I’ve been thinking about tone of voice in the Bible. Anyone who texts, emails, or engages on social media is familiar with the challenge of conveying tone through words alone. We often add emojis to make sure our readers understand.
Did you make any New Year’s resolutions this year? Did any of them concern relationships in your life?
One popular and worthwhile goal is to read the Bible in a new year. This often gets derailed around February as Bible readers find themselves slogging through Leviticus and Numbers. As the Israelites wander aimlessly in the wilderness, so, too, do many Bible reading goals. If you want to keep to the resolution and finish the entirety of the Bible in a year, here are a few tips that will hopefully propel you through any difficult sections.
“When I urge you to go to confession, I am doing nothing else than urging you to be a Christian.” (Luther’s Small Catechism with Explanation)
As a child, I had a misguided understanding of what a Christian was. I believed a Christian was sinless—or at the very least, a Christian was able to avoid “big” failures on his or her own.
What is happiness? This can be a difficult question to answer. In the context of a new year, having an answer probably feels like a key to a good year. Pastor Keith Haney offers a Biblical perspective.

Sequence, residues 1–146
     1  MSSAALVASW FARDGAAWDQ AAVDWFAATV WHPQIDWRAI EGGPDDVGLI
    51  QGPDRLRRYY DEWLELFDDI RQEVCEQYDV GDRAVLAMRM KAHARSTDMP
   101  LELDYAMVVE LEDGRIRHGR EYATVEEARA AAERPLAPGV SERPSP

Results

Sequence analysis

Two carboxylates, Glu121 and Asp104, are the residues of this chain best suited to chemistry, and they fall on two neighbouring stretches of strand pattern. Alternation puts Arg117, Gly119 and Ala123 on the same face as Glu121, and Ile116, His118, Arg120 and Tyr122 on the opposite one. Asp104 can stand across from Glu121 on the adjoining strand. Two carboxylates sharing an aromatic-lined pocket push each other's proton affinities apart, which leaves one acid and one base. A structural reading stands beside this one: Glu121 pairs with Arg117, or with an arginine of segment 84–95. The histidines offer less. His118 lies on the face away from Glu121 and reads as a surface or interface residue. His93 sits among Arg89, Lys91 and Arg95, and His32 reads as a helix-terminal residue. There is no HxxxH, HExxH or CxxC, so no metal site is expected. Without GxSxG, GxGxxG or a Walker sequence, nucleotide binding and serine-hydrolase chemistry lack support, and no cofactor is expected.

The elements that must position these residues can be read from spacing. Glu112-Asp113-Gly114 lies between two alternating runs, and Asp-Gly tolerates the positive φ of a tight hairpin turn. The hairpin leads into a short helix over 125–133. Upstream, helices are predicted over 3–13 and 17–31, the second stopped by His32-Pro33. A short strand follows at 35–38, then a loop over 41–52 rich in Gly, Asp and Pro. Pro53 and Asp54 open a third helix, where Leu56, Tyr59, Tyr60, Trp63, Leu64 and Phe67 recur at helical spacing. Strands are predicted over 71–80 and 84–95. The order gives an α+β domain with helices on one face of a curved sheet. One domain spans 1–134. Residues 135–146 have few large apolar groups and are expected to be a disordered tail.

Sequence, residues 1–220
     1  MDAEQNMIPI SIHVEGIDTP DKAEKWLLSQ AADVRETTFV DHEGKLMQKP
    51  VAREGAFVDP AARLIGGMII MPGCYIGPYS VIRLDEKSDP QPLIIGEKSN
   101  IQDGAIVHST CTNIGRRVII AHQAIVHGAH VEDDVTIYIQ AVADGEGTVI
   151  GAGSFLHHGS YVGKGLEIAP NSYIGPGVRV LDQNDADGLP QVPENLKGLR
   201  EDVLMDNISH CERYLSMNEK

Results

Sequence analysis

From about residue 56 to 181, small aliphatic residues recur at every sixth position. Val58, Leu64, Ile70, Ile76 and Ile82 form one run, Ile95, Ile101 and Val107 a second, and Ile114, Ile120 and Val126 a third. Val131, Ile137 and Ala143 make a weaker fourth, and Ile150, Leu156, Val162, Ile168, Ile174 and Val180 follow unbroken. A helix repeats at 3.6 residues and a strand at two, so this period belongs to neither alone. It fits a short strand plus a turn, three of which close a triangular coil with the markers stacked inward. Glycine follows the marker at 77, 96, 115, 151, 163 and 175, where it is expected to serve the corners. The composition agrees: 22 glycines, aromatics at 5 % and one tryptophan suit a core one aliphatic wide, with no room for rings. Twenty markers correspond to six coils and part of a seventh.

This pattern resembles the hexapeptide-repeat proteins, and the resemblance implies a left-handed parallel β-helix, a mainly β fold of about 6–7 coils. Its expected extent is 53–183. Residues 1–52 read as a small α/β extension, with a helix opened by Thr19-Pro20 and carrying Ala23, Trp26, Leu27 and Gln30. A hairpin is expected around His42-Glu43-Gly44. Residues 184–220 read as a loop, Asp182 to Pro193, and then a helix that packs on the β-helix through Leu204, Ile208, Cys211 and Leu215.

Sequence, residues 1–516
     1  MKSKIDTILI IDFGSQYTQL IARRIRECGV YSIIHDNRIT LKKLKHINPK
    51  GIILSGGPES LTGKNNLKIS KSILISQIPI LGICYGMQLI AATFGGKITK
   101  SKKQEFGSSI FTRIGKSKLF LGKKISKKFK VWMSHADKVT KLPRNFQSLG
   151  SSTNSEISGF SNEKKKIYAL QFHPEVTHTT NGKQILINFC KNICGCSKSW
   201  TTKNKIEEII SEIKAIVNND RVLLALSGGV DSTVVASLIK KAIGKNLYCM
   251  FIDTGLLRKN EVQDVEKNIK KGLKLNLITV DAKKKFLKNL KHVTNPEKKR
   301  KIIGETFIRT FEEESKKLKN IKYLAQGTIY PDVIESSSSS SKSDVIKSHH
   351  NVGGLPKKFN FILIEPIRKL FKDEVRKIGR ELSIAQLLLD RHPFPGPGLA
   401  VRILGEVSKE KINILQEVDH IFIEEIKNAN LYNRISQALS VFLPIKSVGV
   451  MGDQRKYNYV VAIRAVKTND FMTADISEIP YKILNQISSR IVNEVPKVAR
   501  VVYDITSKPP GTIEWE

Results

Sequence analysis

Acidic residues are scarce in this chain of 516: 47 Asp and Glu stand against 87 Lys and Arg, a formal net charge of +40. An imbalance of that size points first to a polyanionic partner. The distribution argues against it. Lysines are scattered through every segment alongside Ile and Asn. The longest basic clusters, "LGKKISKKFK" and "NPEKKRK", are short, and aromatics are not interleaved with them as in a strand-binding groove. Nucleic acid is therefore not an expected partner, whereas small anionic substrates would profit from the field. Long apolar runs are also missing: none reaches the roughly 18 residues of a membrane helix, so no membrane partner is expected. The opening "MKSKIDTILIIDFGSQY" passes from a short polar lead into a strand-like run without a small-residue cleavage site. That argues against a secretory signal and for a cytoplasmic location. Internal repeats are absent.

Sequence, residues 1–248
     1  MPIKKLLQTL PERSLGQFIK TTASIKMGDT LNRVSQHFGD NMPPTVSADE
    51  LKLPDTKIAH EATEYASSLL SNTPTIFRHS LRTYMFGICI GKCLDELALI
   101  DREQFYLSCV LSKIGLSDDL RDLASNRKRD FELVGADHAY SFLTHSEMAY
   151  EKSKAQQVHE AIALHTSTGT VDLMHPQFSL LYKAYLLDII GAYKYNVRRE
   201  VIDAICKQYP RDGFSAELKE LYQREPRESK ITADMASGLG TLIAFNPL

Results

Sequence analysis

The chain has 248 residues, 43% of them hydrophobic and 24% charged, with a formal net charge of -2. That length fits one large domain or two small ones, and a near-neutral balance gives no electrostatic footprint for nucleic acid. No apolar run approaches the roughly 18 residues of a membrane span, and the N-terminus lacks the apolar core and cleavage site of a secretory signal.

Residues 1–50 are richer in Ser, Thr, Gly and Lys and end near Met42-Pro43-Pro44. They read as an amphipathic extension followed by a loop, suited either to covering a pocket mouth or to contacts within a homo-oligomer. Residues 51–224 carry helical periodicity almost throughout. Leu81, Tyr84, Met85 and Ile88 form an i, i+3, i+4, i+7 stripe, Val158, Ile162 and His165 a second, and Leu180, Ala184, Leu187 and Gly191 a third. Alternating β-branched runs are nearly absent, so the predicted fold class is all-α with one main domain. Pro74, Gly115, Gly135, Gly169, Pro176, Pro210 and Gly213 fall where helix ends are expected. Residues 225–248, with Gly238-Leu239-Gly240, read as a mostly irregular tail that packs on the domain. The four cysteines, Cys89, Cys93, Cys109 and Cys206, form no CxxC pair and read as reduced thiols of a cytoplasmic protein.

I love watching movies. The experience goes beyond enjoying the story unfold before your eyes. I love the discussion that comes after the movie. Asking your friends or family what they thought can uncover what they discovered about themselves or the world from the way the movie presented its themes. I’ve spent hours in a donut diner dissecting many movies I’ve watched with friends. We usually talk about how what we saw in these movies was mind-blowing, emotional, just okay, or funny. So when my husband told me about the Faith and Film club at Concordia Seminary in St. Louis, I knew I wanted to participate. Here are three things I learned while participating in this program.
Today we remember nineteenth-century German pastor Wilhelm Loehe, and we read an excerpt from one of his writings as recorded in The Pastor.
The devotional reading for today is adapted from Concordia Pulpit Resources and focuses on the significance of receiving God’s name.
As we anticipate the beginning of the new year tomorrow, we focus on the Gospel of the day and read a devotion from Reformation Heritage Bible Commentary: Luke.